I would put the odds at about one in three of Obama succeeding. Several Democrats who voted for the House-passed bill in November by the narrow margin of 220-215 have now defected, and several more are increasingly gun-shy. I don't much like this bill, but I still hope it passes so that the Republicans don't get rewarded for their relentless obstructionism.

Win or lose, the next great push should be for single-payer, assuming Democrats have a working majority again in foreseeable future. Given the collateral damage of Obama's strategy, that could be a long time coming.
5 Responses
Sort by: Helpful Oldest Newest
206807 tn?1331936184
A very well thought through post. More thinking than emotion, I like that.
The other side to this coin “but I still hope it passes so that the Republicans don't get rewarded for their relentless obstructionism” is if it does pass, the Democrats get rewarded for their relentless shoving it down the Republicans throats. This is another reason I feel that politicians should not be the ones building this bill. They are Politicians nothing more and nothing less. As long as it remains a political issue, I don’t think it will ever get resolved.
Helpful - 0
306455 tn?1288862071
MARY ON MAGI'S COMPUTER
I should have posted that this was a copy and paste. I can't take credit for it. I posted it because I thought it was well written also.
Helpful - 0
306867 tn?1299249709
It's really up to the American people now.  Get educated on health care, on what will work and what won't, and demand it get done.  I don't think getting rid of all incumbents is the answer. The American people are speaking up and Washington hears them, but the message is not very clear. The first thing we need to do is find away to silence the insurance companies, so people can hear facts and truth and not scare tactics. It's sad that many more will die and lose insurance before we wake up.
Helpful - 0
585414 tn?1288941302
Medicare itself needs to be revamped because of the Medicare Part D plan and the gaps in coverage for many common medications. It is not workable for many people that are elderly or are qualified due to a disability who need Medicare. As for the for profit system part of that comes from the pharmaceutical industry but competition should in the way things work within a capitalist system provide safer and more effective treatment in the end. One problem is that there are so few pharmaceutical companies that there is not room for competition so perhaps some form of deregulation is needed as corporate monopolies detracted from other industries and deregulation has helped (more options as regards phone plans and airline fares). As for the insurance industry its a complete mess and there as well either more competition or more regulation is needed. Either way, the entire health care system should be designed to benefit people with more options included and there is no reason there can't be some for profit element involved.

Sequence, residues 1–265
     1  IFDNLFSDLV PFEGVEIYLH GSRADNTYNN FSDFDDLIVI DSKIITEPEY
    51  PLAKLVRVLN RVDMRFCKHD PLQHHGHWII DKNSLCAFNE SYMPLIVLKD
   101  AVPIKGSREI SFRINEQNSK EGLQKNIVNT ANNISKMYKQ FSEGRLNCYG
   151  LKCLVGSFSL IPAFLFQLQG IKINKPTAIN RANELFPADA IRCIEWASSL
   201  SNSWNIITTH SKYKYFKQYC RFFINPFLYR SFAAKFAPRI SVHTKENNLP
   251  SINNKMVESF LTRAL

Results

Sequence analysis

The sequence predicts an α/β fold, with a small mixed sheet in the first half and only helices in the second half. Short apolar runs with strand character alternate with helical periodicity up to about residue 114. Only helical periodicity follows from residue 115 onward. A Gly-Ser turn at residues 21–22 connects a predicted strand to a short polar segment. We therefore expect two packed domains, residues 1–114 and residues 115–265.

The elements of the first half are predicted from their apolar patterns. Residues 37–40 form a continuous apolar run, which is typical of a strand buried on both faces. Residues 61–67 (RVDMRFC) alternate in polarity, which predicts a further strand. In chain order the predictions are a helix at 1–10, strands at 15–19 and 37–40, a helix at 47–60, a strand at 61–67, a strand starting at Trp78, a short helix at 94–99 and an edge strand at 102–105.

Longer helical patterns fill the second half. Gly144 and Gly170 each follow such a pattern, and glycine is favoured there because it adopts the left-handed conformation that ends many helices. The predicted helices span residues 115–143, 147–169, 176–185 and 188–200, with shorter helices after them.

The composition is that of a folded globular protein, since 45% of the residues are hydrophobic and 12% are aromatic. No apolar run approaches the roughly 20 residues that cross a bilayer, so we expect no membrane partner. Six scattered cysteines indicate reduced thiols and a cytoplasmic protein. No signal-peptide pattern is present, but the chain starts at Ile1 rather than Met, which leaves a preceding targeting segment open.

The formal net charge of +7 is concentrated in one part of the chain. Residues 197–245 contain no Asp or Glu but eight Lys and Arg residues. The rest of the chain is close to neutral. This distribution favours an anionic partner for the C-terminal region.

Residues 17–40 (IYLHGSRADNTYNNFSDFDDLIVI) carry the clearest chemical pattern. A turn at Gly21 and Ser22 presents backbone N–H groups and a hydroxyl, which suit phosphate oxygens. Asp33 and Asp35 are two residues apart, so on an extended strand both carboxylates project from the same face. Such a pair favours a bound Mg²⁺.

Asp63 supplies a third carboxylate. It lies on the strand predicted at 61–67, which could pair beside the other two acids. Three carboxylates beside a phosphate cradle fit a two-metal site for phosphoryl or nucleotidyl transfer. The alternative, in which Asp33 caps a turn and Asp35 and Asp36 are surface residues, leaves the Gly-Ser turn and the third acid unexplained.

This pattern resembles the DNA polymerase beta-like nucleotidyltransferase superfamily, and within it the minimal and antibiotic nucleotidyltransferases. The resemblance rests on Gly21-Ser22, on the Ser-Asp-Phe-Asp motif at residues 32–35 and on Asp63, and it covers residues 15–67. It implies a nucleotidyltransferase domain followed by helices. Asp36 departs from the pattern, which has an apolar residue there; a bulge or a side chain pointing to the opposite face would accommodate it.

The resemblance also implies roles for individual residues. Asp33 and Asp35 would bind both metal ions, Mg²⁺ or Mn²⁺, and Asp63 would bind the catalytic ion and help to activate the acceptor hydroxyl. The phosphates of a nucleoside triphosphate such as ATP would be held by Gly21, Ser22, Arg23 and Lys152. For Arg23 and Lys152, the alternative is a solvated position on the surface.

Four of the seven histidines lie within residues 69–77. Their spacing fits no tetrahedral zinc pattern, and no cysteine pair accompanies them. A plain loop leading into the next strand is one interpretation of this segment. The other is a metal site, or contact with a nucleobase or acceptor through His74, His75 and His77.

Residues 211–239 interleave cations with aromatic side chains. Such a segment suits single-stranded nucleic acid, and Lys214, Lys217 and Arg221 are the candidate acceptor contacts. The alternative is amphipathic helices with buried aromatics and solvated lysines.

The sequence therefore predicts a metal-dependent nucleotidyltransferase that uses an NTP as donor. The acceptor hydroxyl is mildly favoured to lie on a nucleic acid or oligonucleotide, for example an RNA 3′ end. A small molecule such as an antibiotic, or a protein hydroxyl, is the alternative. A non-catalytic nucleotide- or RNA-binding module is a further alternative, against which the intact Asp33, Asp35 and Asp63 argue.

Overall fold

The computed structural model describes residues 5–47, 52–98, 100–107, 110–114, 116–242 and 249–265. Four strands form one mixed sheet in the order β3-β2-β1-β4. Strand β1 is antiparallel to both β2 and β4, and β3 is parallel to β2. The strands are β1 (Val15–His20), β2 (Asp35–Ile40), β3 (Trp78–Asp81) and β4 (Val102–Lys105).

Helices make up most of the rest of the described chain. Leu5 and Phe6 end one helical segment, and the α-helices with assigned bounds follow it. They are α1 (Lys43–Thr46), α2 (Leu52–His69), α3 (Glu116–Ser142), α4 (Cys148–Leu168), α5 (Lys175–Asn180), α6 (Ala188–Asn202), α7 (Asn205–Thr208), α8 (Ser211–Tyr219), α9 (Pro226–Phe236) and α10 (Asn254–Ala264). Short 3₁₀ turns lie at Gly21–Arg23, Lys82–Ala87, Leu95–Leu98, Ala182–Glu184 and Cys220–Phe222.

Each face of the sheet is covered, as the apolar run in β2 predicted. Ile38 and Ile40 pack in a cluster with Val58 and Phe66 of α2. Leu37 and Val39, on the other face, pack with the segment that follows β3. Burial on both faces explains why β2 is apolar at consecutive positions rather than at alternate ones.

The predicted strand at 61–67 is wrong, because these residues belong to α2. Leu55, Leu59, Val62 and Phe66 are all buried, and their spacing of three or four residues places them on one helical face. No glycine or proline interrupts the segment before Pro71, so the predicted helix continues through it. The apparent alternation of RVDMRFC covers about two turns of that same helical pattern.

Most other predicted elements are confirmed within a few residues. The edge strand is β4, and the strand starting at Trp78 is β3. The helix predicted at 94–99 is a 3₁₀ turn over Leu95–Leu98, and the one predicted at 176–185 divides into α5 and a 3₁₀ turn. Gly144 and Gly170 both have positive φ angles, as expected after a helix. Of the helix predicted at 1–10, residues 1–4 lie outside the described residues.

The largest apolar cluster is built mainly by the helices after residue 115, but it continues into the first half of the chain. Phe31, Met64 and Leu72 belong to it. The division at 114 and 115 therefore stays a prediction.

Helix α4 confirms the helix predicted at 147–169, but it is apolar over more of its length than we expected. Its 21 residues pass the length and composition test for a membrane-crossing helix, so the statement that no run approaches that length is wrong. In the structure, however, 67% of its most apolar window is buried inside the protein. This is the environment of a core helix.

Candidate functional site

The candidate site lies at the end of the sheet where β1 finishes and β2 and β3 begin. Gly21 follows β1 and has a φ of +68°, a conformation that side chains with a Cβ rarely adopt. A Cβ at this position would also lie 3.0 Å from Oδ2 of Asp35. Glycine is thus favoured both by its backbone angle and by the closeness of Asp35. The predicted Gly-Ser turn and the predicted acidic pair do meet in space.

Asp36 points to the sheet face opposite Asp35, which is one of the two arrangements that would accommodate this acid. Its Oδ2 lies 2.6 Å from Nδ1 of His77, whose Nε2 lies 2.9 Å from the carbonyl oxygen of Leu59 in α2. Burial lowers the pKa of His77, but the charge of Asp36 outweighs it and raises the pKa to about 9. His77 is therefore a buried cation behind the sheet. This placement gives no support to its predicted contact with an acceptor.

Helpful - 0
306867 tn?1299249709
Unfortunately insurance companies don't care about anything but their bottom line. It would have to be so heavily regulated that it might as well be government run. Yes Medicare needs some work on prescription drugs. I see this with my mother. If she didn't have her pension she would not be able to afford her medication. I also feel she is way over medicated though. She was seeing too many doctors and they were not communicating the way they should.  I think we have a handle on that now though. She has received excellent care through Medicare and it's the only reason she is alive today. Unfortunately, her 3 daughters (that care for her) don't have any health care and 2 have serious illnesses that are going untreated.
Helpful - 0
You must join this user group in order to participate in this discussion.

You are reading content posted in the Current Events . . . Group

Didn't find the answer you were looking for?
Ask a question
Popular Resources
Herpes sores blister, then burst, scab and heal.
Herpes spreads by oral, vaginal and anal sex.
STIs are the most common cause of genital sores.
Condoms are the most effective way to prevent HIV and STDs.
PrEP is used by people with high risk to prevent HIV infection.
Can I get HIV from surfaces, like toilet seats?